Chris Richman '04
"As an English major, I learned how to delve deeply into literature, learned to write for a wide variety of audiences..."Memorable characters. Colorful pictures. Exciting stories. What was your favorite children's book?
The next big classic kid's title could very well be discovered by an Elizabethtown College graduate: Chris Richman '04 is a literary agent specializing in children's books. He's also a published playwright and has written for the wildly popular humor magazine, The Onion. And his Elizabethtown education prepared him for all of these creative endeavors as you'll learn in this Q & A:
Elizabethtown College: What led you to Elizabethtown?
Chris Richman: I fell in love with Elizabethtown the first time I went for a visit. I loved the bucolic scenery and the friendly people, and could see myself fitting in much more than at other colleges and universities I was considering. I was intrigued, too, by the professional writing major, since even as a recent high school graduate I knew I wanted to work with words in some capacity.
EC: Tell us how Elizabethtown College prepared you for your career.
CR: While attending Elizabethtown, I dabbled in many different arenas that have helped me succeed. As an English major, I learned how to delve deeply into literature, learned to write for a wide variety of audiences, and even studied children's books for the first time. I give presentations at conferences around the country now, and my classes in Communications and Theatre helped me hone my skills as a public speaker. Even some of the extracurricular activities I was involved with, like writing humor columns and film reviews for The Etownian, performing in plays and with the improv group Mad Cow, and working as a writing consultant in the tutoring center, prepared me in different ways for professional challenges I'd face down the road.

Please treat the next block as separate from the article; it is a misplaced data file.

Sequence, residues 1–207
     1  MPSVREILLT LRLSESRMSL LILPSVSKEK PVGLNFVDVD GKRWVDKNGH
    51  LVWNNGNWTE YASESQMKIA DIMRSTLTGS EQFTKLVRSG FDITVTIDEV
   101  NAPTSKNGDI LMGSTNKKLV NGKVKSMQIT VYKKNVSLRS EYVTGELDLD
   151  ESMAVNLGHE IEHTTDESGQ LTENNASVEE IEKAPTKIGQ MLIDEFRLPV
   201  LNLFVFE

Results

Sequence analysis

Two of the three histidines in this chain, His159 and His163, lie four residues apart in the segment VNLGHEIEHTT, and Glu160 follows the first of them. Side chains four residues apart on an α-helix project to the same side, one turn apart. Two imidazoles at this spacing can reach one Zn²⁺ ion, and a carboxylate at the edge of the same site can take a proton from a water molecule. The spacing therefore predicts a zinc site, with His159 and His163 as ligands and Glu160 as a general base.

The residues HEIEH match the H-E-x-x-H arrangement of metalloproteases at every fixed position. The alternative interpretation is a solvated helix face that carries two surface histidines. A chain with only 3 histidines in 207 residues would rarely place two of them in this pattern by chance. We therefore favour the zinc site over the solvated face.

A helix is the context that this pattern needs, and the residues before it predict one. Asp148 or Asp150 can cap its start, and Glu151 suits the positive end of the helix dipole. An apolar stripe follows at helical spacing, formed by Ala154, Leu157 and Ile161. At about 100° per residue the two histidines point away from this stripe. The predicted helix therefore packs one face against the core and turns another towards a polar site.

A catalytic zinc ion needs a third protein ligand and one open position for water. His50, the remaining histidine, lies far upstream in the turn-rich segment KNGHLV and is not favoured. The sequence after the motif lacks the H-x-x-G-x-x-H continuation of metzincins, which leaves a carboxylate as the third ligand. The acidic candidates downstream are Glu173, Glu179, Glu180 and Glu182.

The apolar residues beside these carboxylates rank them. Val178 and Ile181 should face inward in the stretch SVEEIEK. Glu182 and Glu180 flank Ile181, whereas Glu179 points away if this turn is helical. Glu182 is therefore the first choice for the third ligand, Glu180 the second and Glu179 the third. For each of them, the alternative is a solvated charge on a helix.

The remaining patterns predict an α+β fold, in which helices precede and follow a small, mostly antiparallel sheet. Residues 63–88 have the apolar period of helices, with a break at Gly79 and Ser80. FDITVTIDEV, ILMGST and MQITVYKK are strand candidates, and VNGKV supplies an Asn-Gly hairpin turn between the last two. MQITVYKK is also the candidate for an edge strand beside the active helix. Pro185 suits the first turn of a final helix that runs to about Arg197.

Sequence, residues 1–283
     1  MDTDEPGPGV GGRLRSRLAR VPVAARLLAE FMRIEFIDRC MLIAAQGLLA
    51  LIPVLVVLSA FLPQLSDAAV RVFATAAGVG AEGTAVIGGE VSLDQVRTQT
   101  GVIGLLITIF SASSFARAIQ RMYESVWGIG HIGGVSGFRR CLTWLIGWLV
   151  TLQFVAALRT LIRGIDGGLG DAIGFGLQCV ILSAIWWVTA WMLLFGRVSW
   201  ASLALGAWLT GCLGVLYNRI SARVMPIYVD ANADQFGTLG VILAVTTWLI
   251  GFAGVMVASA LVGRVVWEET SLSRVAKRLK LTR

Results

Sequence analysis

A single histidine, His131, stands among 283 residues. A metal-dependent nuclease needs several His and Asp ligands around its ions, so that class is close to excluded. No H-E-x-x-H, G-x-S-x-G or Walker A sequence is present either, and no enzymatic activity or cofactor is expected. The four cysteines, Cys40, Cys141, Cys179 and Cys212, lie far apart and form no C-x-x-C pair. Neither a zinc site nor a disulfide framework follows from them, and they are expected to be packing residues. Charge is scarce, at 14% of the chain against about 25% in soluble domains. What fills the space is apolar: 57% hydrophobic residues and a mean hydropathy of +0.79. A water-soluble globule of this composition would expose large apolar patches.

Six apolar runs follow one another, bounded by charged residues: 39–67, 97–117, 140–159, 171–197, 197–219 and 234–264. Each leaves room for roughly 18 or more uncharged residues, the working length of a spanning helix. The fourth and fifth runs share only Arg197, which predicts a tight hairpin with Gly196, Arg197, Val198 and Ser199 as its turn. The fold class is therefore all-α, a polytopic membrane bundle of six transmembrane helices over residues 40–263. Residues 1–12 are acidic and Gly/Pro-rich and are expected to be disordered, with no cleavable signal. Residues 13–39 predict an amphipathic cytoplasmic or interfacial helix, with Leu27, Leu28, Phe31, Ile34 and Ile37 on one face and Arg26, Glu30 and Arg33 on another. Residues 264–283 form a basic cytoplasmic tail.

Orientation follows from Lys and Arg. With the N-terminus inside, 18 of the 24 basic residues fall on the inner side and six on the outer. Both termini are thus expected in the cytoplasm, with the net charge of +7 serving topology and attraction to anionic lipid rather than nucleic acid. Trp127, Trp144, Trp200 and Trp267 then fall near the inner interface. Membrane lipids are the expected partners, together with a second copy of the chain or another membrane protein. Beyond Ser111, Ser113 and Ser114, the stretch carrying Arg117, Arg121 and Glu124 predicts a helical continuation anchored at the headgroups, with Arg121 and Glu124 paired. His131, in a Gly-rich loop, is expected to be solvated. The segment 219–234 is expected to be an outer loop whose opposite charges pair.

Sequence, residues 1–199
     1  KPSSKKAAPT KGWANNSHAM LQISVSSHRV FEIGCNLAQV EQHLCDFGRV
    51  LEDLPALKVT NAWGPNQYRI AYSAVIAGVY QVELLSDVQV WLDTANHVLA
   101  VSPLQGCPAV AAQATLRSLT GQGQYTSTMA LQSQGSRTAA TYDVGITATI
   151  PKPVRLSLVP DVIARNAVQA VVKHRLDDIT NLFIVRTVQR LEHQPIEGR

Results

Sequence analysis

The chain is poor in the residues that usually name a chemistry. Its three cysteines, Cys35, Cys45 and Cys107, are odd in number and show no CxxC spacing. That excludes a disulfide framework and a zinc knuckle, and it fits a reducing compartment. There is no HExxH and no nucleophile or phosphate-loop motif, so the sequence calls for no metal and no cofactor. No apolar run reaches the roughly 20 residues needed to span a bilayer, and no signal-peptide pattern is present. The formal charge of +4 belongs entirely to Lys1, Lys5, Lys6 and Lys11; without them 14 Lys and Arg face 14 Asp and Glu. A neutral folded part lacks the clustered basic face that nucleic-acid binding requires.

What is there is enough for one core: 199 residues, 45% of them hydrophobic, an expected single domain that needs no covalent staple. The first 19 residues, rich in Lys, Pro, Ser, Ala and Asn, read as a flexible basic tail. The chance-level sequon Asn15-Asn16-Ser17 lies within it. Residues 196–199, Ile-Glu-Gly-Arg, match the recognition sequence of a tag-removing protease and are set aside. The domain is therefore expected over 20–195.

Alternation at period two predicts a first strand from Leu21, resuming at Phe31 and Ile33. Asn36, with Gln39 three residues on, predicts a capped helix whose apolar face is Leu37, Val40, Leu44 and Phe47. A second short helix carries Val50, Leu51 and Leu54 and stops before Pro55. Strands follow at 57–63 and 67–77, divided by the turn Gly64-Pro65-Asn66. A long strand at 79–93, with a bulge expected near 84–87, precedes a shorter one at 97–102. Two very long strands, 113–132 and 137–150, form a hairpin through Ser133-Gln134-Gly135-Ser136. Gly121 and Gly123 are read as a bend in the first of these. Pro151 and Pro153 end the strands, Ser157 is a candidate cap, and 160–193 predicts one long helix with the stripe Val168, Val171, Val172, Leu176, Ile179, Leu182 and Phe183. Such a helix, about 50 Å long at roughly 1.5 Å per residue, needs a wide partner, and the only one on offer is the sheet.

EC: You've had some varied experience in the publishing field – playwright, writing for the wildly popular Onion, and now in publishing. Can you tell us briefly a little about each of these experiences and how you have grown as a writer/literary professional since graduation?
CR: I loved the wide range of creative pursuits available at Elizabethtown, and looked for ways to continue writing and performing after my college days were behind me. I knew getting published outside the rather narrow halls of Elizabethtown would be much more competitive, but was armed with a diploma, writing clips culled from many great classes, and, in some ways, the naiveté of youth. Some pursuits came easily—I thought of an idea for a one act play, wrote it, sent it off, and got it published on my first try. Other things were near impossible—I wrote probably twenty short stories between 2004 and 2007, and the closest I came to publication was a nice letter from the editors of Glimmer Train magazine informing me that although I'd finished outside the top 25 stories in a contest they ran for new writers, they'd liked what I wrote and encouraged me to try again. I definitely became well versed in rejection, that's for sure.